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The Unredeemed Captive Summary

A Review On Kidnapping  (The Unredeemed Captive)

Kidnapping is a term that is typically employed in allusion to horror. Additionally, as Noelle Oxen handler noted in her expression of Polly Klaas’ kidnapping, the definitive dismay for parents refers is the years and years’ work or the comprehension that one’s child has a fortune that is different from that of the parent.

In this case, The Unredeemed Captive: A Family Story from Early America, represents a non-fiction portion that discusses Eunice Williams’ kidnapping. On the same note, the Kahnawake Indians kidnapped Eunice Williams while she was only seven years of age. In this piece, John Demos develops this sense of terror in the family of Williams when Eunice fails to return to her Puritan home.

As time advances, Eunice Williams obtains the name, Marguerite. Marguerite refers to an official mark of Eunice’s rebaptism as well as a submission to the Catholic Church. In other words, via the minor and major themes of gender roles, religion, and self-identity, alongside the book’s organizational flow, the writer gives the readers a historical overview of the Indian-white interface as well as gender concerns that Eunice encountered helping modify the American society of today.

The Unredeemed Captive Summary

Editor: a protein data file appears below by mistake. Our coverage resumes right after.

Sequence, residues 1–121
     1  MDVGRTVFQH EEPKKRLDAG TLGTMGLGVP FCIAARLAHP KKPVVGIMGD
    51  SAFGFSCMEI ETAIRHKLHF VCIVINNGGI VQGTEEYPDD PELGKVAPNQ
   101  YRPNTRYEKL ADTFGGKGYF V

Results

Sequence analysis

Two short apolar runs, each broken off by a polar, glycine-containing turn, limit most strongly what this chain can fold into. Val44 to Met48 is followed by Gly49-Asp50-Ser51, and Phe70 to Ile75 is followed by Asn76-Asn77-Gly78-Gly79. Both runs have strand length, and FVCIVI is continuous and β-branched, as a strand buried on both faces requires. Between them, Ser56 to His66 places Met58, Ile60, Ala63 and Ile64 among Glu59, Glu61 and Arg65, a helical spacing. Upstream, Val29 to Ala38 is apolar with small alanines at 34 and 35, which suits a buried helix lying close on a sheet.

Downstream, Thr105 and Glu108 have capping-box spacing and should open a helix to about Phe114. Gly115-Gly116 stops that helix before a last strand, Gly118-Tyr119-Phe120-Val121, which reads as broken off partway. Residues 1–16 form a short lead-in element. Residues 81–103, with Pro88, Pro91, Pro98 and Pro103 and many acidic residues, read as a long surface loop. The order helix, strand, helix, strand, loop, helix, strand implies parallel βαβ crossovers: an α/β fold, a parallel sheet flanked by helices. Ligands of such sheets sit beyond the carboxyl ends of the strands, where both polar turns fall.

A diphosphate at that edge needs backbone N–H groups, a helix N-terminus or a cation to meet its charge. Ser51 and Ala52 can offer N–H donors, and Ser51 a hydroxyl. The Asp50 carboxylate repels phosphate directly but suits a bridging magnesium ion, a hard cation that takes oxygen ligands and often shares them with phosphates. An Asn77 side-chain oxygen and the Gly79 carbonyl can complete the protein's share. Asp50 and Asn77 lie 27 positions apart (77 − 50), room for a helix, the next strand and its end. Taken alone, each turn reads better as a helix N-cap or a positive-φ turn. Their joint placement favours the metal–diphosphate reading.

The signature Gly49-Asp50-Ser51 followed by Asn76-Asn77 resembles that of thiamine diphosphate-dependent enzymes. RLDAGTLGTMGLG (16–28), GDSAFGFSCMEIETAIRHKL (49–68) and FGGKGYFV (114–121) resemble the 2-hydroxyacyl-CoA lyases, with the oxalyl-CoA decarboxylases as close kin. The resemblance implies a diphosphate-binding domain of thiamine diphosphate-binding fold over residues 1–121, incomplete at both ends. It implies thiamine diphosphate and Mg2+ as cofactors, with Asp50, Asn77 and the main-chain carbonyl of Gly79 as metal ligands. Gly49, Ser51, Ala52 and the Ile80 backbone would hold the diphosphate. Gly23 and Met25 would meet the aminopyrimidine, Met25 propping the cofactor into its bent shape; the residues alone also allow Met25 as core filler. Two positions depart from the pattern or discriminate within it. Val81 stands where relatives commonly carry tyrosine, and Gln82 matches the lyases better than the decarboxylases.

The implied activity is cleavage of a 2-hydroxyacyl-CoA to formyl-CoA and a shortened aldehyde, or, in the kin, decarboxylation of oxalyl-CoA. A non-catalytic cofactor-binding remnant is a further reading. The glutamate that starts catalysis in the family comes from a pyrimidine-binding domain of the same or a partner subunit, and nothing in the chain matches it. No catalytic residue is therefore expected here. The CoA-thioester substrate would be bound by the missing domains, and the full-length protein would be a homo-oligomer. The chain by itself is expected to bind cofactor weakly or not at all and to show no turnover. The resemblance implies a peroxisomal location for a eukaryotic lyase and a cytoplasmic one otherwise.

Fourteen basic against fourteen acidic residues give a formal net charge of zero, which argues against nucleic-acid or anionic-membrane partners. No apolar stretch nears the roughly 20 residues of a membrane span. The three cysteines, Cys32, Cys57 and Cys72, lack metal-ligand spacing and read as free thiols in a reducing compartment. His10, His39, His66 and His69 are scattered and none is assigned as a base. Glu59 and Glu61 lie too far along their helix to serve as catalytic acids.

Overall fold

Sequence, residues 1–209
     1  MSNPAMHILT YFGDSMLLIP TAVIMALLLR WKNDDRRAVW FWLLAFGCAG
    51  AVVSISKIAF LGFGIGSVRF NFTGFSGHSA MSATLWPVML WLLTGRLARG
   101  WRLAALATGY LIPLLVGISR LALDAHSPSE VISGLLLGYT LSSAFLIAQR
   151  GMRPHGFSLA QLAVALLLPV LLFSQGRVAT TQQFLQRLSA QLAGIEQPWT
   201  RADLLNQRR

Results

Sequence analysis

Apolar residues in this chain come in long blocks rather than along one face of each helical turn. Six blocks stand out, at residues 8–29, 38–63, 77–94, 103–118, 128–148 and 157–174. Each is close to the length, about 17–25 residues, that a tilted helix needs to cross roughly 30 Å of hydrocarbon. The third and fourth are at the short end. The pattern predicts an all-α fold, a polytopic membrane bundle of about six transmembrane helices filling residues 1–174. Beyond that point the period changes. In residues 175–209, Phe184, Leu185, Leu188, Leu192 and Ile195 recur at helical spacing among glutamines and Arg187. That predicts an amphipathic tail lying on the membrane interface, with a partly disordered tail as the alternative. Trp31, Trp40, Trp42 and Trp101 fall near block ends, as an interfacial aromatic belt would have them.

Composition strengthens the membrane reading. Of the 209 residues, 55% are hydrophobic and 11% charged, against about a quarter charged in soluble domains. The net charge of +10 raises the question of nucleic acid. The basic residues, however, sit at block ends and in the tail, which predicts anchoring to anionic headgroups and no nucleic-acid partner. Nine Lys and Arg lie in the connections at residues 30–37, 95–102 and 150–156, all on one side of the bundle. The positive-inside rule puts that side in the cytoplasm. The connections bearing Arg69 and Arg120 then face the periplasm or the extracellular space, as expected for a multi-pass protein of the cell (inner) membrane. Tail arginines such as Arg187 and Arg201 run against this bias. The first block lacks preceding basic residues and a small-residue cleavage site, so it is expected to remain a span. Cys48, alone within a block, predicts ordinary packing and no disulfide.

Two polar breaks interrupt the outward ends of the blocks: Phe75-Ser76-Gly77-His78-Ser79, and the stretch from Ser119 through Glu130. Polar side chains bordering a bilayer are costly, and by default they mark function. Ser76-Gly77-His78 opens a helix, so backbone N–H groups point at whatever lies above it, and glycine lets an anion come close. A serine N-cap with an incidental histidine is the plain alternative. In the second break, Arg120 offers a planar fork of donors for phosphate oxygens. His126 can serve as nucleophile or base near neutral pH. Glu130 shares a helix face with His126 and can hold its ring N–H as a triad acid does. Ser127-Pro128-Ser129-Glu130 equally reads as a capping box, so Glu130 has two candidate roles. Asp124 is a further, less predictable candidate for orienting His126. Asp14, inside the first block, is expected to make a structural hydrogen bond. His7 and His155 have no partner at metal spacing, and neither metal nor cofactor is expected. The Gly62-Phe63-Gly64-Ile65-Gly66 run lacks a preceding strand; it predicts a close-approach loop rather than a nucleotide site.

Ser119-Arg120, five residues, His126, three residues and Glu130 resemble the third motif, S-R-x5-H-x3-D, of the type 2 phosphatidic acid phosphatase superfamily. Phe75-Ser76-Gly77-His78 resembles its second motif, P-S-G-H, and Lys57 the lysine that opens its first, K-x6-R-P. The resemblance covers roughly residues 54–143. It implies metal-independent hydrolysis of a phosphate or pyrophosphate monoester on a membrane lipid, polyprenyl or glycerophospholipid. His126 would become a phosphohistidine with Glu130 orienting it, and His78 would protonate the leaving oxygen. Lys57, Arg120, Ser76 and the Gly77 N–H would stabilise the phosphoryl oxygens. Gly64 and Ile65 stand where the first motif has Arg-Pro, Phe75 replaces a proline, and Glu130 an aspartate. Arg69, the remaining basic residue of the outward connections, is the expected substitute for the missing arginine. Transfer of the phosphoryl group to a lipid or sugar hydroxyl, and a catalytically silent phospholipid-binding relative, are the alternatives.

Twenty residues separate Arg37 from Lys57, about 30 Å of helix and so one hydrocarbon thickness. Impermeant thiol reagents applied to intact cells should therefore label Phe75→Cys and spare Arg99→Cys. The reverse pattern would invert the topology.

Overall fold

Author’s Argument

The first arguments of this book are the freedom of discovering the self-identity of one according to personal decisions, and religion. Adding to this further, upon the cabin of Williams getting invaded, the travelers are apprehended for later transportation by the Kahnawake tribe to Canada.

The travelers are afterward released. Nonetheless, the Kahnawake released the captives with except for Eunice. Later, Eunice ultimately weds an Indian thereby becoming part of that tribe. Upon knowing that the new tribe does not consider freeing their captives as an ideal custom, John Williams understands that his odds of saving his daughter are almost negligible.

Despite Eunice being a Puritan minister’s daughter, she is baptized thus reforming her into a Catholic. This part demonstrates some of the greatest revolutions of Eunice throughout the piece. Further, the transformation presents one of the greatest exploits of the Jesuits.

“I told her she must pray…for His grace every day…I told her she must be careful she did not forget her catechism and the Scriptures she had learned by heart”. Irrespective of the attempts of John or his loved ones to “free” Eunice by helping her uphold her Puritan heritages, the Jesuits declined to free her.